Dateline: February, 2011, Issue 1
Lawyers frequently advise defendants against apologizing, because apologies can be interpreted as admissions of guilt, which could be leveraged into defendants paying more money in settlement and/or at trial.
Robbennolt (2010) conducted research comparing plaintiffs' responses to apologies with attorneys' responses.
The research studied settlement negotiations in a hypothetical personal injury case in which a bicyclist injures a pedestrian. Over 300 adults took on the role of the pedestrian plaintiff. During settlement negotiations, the bicyclist offered the plaintiff pedestrian either no apology, a partial apology (expression of sympathy but no acceptance of responsibility) or a full apology accepting responsibility.
Plaintiffs who received full apologies:
The nature of the apology was critical. Apologies that merely expressed sympathy worked only inconsistently because many plaintiffs took them to be insincere, which sometimes caused more indignation on the plaintiff's part, rather than less. Full apologies were, by far, the most effective.
Robbennolt then surveyed attorneys using the same pedestrian-bicyclist personal injury scenario, and asked them to assume they were representing the plaintiff. Apologies influenced the attorneys in ways that diverged from the ways they influenced their clients:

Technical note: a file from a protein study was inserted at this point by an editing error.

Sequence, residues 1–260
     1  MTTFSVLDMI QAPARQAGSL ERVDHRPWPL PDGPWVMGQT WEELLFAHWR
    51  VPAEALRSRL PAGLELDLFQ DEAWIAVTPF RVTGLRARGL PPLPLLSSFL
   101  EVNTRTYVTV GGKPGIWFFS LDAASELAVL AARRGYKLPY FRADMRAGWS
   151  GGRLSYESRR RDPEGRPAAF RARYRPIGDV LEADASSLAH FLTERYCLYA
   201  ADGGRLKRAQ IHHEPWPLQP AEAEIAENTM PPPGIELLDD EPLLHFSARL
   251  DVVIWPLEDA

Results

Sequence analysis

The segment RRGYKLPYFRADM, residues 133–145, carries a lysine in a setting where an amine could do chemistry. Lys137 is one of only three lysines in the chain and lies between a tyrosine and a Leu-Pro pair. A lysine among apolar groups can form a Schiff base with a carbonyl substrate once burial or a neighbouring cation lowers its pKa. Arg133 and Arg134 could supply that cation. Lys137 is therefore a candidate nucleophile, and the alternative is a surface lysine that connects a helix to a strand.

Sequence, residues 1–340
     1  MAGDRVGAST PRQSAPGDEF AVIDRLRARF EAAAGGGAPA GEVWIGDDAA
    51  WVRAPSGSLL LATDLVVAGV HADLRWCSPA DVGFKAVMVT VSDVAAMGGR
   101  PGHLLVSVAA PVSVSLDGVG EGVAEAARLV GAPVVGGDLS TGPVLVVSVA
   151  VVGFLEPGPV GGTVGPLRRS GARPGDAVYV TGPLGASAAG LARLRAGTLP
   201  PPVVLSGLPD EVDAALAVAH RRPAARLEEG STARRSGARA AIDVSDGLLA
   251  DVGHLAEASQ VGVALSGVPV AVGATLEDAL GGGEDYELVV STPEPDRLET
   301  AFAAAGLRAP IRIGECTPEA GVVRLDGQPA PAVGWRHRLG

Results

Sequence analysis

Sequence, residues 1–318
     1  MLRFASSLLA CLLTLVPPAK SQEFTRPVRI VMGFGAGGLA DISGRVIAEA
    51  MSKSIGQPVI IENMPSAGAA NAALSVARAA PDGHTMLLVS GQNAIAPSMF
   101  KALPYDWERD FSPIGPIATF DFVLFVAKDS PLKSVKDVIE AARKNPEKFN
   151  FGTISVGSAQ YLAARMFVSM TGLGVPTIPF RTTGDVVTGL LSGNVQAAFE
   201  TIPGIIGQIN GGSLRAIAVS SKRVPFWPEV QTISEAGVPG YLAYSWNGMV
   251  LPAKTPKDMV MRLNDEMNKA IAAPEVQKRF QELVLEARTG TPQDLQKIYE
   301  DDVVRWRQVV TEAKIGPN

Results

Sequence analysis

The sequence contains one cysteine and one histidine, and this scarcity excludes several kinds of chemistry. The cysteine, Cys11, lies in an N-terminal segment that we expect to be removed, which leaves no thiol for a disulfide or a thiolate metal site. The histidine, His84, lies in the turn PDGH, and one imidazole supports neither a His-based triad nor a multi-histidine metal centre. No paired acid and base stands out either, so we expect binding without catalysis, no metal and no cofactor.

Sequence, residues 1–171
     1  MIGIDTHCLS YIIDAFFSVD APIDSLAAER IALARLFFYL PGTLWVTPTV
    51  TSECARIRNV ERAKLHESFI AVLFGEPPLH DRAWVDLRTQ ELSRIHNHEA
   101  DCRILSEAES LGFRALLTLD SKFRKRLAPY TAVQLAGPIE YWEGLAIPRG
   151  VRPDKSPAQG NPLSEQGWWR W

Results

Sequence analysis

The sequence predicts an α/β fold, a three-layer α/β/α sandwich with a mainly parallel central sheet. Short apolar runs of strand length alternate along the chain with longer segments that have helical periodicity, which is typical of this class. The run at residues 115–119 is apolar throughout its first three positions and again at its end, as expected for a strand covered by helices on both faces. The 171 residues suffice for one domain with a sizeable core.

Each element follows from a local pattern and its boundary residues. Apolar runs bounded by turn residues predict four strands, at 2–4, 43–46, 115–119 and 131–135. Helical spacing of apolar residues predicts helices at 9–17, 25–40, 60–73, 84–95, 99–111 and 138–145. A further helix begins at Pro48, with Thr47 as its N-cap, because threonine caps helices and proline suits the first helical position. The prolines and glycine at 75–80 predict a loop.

Robbennolt reviews other research showing full apologies are effective in a wide variety of legal cases including wrongful termination, medical malpractice, tenant-landlord, and other personal injury litigation.
Robbennolt concludes that expressions of remorse directly affect the way legal settlements unfold, and it is important for attorneys to understand how their responses to apologies differ from those of their clients, with most plaintiffs lowering their bottom-line price if offered a full apology.
Source Robbennolt, J.K. (2010). Apologies and settlement. Court Review, 45, pp. 90-97.